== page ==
Design is a funny word. Some people think design means how it looks. But of course, if you dig deeper, it's really how it works.
— Steve Jobs

While watching parts of Apple's big hardware release a few weeks back, they played an audio snippet with the above quote from the late Steve Jobs. A lot of people have heard this quote, but I wonder how many people think about it.

At the day job I've been working on a project for almost two years1 where I've tried very hard to think more about how the software is supposed to work rather than how "tight" the code is or slick the interface might be. When designing new functions and features, I try to collect as much information as I can from the people who will wind up using that part of the system because, at the end of the day, they are my customer. The software is used by people across the organization with very different sets of goals so, sometimes, the best solution is to write two or more interfaces that draw from the same source of data, but display the information differently. Sure, everything would work if I were to just make a single, unified view that people could then selectively ignore. But I want the software to actually work … so I ask questions. Lots of them.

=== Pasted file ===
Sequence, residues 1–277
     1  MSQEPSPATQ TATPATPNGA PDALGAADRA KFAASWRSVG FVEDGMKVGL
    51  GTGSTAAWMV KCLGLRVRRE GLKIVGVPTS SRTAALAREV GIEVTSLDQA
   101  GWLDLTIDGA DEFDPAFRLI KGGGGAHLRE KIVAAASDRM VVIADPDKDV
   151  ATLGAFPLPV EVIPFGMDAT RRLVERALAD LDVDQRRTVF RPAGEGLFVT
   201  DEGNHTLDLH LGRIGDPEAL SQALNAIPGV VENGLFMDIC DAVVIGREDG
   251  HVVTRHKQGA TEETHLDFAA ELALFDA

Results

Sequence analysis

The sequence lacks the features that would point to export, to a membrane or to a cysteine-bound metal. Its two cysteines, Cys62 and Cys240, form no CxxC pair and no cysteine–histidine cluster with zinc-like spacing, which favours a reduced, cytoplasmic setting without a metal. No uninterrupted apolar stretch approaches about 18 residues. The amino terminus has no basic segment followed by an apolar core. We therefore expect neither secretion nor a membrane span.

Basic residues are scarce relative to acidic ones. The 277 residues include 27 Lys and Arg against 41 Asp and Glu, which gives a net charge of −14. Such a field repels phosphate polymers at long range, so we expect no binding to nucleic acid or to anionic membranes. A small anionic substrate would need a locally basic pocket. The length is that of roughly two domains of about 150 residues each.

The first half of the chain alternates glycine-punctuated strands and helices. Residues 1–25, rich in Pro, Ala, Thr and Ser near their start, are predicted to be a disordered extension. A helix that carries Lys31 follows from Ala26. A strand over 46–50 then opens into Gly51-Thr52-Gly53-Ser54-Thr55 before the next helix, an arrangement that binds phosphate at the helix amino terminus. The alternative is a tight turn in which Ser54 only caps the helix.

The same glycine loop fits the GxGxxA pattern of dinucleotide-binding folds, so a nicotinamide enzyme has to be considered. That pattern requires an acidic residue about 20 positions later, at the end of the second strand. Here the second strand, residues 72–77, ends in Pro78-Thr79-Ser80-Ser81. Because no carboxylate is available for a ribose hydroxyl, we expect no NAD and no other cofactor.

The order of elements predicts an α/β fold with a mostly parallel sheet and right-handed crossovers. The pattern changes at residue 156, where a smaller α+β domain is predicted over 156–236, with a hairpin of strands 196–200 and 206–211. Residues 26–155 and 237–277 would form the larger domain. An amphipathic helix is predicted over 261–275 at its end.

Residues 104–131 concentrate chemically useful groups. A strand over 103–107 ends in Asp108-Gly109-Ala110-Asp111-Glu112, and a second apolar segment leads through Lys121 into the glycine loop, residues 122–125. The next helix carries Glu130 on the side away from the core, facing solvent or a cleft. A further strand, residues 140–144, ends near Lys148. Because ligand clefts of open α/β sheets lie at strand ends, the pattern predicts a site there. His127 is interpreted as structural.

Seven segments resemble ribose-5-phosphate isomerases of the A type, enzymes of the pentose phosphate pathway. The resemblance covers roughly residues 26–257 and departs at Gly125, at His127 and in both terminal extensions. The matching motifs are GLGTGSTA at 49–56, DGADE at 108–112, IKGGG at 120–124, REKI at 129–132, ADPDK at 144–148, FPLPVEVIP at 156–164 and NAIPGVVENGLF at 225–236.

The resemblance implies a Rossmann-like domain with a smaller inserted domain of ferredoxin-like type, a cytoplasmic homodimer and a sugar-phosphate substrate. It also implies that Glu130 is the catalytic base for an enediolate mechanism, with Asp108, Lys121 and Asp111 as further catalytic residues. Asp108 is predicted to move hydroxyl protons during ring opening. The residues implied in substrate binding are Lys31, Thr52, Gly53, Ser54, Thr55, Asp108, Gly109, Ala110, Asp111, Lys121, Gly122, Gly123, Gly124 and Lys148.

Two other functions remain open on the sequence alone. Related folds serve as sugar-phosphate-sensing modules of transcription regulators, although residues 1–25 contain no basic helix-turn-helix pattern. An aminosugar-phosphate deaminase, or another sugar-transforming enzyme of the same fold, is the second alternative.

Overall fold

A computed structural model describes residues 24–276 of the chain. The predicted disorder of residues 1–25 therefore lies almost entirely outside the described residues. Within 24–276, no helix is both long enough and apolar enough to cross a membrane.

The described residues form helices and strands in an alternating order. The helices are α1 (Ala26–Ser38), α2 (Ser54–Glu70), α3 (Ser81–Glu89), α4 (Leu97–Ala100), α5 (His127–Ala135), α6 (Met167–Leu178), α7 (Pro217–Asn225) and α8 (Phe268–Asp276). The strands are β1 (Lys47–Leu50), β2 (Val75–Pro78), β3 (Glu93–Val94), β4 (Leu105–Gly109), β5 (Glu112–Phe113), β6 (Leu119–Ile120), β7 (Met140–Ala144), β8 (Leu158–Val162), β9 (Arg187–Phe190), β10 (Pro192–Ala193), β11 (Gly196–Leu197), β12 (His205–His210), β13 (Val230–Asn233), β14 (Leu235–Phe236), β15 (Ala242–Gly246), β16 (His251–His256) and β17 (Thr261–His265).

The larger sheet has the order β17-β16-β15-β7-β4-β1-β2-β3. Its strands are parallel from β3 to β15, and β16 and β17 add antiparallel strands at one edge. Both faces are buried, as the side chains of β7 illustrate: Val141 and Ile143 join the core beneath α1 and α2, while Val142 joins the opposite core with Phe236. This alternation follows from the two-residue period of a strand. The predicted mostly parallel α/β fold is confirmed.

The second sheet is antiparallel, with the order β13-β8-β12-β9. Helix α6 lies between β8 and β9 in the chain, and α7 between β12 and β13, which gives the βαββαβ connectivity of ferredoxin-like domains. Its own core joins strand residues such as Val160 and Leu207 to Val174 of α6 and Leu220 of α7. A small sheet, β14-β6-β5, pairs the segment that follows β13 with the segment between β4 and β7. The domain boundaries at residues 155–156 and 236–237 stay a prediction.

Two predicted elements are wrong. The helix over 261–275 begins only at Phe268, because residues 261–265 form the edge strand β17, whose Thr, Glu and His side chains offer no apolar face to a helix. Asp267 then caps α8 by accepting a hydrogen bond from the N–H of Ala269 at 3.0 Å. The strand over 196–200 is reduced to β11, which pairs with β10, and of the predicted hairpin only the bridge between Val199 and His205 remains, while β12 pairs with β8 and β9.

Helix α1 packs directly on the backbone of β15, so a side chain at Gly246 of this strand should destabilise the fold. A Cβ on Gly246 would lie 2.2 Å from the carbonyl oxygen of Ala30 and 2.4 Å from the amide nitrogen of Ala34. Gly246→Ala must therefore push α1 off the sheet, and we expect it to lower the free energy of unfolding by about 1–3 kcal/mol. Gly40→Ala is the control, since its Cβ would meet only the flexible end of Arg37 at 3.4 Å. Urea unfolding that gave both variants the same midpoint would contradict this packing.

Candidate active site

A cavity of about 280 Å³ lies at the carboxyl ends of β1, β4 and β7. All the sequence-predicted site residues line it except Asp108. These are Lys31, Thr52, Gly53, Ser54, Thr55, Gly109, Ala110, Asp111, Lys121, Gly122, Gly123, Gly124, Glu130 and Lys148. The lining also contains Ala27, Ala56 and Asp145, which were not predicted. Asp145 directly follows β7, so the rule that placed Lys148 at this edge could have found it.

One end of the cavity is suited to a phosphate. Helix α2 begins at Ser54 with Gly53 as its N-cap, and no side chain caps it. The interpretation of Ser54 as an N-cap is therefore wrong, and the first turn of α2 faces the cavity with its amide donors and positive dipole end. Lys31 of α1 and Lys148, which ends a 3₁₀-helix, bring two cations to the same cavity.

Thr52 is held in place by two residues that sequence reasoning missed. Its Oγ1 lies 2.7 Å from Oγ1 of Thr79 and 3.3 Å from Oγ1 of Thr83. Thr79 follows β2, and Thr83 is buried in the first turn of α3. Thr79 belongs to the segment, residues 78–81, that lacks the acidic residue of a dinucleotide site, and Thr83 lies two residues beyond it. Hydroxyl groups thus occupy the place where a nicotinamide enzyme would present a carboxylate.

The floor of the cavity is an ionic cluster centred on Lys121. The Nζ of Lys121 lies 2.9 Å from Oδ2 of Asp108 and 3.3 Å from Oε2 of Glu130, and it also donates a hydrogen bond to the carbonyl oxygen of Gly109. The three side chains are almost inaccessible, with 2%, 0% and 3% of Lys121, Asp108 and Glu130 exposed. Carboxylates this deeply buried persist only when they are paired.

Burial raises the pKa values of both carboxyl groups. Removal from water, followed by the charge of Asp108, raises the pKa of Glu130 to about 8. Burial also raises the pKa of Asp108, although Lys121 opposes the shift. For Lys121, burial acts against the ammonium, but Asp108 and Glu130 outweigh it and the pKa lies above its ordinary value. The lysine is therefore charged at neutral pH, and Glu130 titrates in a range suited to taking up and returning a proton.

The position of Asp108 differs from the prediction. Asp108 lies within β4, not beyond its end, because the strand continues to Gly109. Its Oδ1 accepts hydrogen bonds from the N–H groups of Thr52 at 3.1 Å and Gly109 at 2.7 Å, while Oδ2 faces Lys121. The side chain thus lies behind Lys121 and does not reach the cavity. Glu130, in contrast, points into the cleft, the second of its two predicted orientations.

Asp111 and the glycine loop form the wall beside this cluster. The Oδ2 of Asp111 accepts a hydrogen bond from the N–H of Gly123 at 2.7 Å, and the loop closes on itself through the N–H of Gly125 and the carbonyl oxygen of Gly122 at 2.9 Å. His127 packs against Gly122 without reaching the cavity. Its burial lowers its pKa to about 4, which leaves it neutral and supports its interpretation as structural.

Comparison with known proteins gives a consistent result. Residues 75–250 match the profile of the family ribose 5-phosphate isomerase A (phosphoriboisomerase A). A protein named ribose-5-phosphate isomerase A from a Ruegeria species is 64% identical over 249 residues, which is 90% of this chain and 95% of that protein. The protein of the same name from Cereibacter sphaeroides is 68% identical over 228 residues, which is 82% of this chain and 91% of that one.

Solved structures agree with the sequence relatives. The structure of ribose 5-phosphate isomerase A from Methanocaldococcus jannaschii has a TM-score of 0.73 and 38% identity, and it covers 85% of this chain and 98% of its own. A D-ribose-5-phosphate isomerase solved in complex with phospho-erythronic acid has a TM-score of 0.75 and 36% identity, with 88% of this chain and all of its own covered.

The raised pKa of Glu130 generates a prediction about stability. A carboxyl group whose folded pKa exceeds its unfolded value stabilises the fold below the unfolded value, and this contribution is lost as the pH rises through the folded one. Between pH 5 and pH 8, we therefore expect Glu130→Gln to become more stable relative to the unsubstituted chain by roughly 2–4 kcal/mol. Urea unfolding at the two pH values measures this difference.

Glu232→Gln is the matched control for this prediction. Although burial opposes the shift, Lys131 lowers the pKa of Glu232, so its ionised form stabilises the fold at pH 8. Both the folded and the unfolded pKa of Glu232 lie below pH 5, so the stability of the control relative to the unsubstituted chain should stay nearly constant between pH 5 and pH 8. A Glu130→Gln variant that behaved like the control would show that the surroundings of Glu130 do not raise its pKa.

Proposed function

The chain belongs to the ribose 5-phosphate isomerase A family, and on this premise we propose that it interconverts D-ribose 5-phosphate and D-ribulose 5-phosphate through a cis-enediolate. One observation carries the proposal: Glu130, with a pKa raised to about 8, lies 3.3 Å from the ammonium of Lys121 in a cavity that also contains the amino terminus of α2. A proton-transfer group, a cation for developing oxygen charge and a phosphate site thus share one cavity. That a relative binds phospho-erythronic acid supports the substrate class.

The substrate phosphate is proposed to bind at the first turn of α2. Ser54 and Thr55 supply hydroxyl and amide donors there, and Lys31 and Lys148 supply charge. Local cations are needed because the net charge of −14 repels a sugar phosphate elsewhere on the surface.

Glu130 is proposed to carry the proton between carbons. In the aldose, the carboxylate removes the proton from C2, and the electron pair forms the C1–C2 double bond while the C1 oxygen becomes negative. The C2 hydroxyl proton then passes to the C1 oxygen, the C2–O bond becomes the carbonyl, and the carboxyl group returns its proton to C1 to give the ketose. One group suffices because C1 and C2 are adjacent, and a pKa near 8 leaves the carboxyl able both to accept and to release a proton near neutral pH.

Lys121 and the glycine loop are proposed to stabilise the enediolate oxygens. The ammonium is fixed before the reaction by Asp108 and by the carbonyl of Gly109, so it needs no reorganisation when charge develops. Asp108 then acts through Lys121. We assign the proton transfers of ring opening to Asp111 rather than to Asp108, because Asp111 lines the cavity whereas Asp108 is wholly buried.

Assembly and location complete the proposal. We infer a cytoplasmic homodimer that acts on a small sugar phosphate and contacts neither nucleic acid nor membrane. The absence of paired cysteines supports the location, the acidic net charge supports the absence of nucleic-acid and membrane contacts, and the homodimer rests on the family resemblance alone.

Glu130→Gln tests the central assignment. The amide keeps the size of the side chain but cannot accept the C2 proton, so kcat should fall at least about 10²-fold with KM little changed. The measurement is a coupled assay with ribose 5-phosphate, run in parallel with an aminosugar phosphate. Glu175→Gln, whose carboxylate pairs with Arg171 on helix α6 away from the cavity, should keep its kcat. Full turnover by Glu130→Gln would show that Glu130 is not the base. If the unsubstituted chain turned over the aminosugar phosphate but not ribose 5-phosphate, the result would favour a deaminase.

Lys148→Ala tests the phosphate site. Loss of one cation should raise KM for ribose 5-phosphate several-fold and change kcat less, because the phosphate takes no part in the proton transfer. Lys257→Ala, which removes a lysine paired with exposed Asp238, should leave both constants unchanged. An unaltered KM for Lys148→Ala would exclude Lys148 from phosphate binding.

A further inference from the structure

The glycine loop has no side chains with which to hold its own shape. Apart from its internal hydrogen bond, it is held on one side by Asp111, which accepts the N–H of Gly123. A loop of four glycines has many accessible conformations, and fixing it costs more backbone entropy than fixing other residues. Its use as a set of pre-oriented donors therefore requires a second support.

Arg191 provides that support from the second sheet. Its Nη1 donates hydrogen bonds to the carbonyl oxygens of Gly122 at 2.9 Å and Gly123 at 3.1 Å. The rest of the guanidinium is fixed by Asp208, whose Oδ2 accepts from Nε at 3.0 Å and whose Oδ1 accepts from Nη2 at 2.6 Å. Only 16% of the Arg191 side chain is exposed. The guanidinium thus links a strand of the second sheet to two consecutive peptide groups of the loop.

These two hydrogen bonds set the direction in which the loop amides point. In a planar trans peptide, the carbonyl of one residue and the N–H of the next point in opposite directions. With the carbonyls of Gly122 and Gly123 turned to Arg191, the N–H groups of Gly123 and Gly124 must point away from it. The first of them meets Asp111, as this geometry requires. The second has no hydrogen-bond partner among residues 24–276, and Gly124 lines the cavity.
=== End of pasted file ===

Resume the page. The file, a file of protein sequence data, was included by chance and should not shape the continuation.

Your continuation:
Despite working with software for almost a quarter century, I still feel there is a lot left to learn. Every platform has taught me something valuable that is just as relevant today as it was days, weeks, months, or years ago when I would heavily lean on them. DOS taught me the importance of efficiency. Windows taught me the importance of object oriented coding. PalmOS taught me the importance of resource management. Linux taught me the importance of community building. iOS/OS X taught me the importance of designing tools rather than solutions. The web taught me the importance of picking a standard2 and sticking to it. The next area I expect to work in will involve a great deal of voice interaction, and I look forward to the evolution in thinking that move will bring.